How To Read a Topographic Map
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Table of Contents
What is a Topographic Map
Topographic maps were first introduced in the 1800s to understand the resource potential in search of minerals. It was a painstaking process where surveyors had to perform altitude measurements using aneroid barometers.
Calculations were done with steel tape measures and heavy equipment. It was then drawn on huge sheets of copper that was later reprinted into topographic maps. Now topography maps are still produced in a more efficient way using aerial photographs and satellite imaging. There are currently more than 56,000 topological maps of the United States.
Topographic maps are different from your average map. When looking down on a regular map, it is hard to identify the change in elevation of the ground. A terrain map helps humans remap a 3 dimensional world into a 2 dimensional representation of Earth’s landscape. A topo map gives you a better idea of the mountains, depressions or bodies of water.
If you are trying to get from point A to B, a regular road map can get you there. But if you strayed away from your backpacking trek, then you need an elevation map to help you safely navigate by identifying the terrains and contours of the land.
What Are Contour Lines
What does a topographic map show? The main feature is the contour lines. Contour lines show the steepness of a terrain. Contour lines that connect together within the same line means they are geographic points that share the same elevation.
When the lines are drawn close together, it means elevation is increasing rapidly. When the lines are further apart, it indicates a gentler slope. When the lines are very far apart, it shows the flat terrain.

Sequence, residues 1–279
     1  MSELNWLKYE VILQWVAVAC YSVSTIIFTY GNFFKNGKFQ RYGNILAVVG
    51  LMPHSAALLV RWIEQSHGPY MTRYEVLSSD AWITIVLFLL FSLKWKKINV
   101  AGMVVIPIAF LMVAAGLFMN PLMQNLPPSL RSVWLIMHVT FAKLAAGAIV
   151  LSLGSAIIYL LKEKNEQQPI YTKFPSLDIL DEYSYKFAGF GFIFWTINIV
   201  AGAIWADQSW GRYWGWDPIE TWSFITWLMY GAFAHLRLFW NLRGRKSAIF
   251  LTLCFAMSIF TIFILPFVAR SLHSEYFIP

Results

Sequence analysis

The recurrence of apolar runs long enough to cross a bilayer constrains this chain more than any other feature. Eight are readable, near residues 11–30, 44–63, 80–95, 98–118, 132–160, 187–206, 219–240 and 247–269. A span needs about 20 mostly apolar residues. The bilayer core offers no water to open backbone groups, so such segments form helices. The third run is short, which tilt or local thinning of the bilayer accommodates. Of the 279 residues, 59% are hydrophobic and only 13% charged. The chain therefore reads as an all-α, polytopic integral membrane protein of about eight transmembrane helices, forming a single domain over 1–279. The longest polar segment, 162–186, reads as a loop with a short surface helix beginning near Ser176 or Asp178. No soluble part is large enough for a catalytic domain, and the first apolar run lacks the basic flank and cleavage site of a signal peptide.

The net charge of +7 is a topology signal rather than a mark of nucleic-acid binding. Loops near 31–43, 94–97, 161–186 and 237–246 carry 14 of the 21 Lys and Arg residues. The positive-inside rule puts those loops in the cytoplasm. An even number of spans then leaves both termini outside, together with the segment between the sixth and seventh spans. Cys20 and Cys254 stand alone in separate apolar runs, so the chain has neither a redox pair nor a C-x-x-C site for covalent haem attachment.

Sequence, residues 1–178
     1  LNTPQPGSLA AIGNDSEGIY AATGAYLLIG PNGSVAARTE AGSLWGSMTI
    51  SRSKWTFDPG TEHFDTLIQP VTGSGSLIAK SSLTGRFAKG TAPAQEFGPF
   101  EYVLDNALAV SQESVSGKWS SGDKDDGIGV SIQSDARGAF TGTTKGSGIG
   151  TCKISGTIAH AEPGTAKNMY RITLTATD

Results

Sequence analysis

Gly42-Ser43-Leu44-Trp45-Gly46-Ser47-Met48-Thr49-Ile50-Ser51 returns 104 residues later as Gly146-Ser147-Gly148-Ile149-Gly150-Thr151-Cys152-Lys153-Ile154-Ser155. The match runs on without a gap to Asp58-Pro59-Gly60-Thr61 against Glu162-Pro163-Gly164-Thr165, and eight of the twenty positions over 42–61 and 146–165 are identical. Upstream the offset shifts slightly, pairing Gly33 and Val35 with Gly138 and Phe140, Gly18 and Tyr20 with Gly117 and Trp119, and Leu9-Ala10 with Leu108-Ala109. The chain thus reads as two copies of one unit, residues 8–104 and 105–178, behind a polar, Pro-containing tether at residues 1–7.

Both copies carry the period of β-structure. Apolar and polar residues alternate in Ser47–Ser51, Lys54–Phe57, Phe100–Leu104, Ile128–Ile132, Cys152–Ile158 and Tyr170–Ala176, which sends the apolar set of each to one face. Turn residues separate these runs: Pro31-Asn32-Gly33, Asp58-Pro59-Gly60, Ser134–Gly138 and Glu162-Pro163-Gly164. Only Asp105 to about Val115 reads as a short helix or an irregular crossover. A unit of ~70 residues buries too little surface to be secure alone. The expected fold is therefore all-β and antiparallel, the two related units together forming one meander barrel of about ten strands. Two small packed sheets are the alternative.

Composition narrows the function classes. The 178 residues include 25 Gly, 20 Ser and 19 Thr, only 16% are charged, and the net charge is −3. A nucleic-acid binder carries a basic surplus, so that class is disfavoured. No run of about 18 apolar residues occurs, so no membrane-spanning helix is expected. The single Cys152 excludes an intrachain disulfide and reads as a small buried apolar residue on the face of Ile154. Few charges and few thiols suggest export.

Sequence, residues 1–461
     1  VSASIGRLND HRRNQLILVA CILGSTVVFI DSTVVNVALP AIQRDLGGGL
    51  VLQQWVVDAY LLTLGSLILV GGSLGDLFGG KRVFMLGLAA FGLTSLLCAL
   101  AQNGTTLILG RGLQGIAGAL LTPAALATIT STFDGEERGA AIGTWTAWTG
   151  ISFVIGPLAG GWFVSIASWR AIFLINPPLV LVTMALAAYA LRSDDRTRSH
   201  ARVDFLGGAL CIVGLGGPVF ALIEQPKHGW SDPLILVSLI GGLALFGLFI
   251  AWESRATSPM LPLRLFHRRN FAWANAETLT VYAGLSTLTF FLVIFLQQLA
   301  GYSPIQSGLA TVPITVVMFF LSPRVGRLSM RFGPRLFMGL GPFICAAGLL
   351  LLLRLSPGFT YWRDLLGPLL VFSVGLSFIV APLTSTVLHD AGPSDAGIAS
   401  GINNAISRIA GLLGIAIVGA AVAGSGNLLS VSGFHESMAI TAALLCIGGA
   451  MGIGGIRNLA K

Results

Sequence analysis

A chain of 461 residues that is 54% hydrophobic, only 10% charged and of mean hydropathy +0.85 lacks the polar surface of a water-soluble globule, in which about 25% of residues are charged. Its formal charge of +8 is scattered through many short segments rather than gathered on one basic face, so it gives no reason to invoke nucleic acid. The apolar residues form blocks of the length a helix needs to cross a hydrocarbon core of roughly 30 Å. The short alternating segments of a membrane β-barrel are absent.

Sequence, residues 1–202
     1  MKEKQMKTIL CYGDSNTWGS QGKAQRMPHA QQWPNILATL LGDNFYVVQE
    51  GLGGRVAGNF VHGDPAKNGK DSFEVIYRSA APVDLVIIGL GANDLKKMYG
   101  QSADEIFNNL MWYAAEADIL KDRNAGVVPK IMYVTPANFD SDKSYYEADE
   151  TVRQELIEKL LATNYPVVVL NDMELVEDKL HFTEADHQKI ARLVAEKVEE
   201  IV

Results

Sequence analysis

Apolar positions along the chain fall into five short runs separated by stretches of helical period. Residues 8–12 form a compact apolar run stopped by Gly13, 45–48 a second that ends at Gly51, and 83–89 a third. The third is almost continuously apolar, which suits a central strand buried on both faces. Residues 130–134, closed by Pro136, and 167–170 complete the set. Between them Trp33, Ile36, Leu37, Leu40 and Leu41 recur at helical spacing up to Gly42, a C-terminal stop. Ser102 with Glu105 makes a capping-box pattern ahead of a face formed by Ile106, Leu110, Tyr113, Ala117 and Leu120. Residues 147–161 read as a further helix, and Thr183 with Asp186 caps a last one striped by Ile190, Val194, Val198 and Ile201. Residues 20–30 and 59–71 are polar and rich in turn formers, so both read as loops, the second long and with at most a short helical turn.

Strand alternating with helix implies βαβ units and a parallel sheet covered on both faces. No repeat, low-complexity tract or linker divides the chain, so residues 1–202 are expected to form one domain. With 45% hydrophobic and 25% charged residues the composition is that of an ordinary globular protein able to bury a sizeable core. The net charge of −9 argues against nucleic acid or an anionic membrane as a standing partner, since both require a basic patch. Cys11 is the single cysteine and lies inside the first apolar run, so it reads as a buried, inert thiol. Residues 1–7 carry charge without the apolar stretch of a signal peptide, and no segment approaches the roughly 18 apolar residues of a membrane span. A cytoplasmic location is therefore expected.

The spacing between the lines is called the contour interval. If it uses a 5 feet contour interval, this means the elevation increases 5 feet for every line of elevation. You can find the contour level at the bottom of the map.
Smaller circles with thin spaced lines would mean there is a high mountain peak. A small circle with a tick marks a depression.
Usually every 5th contour line is thicker than other lines. This is called the index line where the exact elevation is listed. Contour maps are drawn to show the height of the ground above mean sea level (MSL).
The scale of the topographical map tells the details of the map. Example a larger scale map 1:100,000 vs a smaller scale map 1:10,000. It could mean 1 inch equals to 100,000 inches of the real world terrain. A smaller scale map will cover smaller areas with greater detail. If you want to see a larger area within the same sheet of map, with less details, then get a larger scale map. Generally most maps in the United States uses 1:24,000 scale, representing 1 inch to 24,000 inches on the ground.
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Colors and Symbols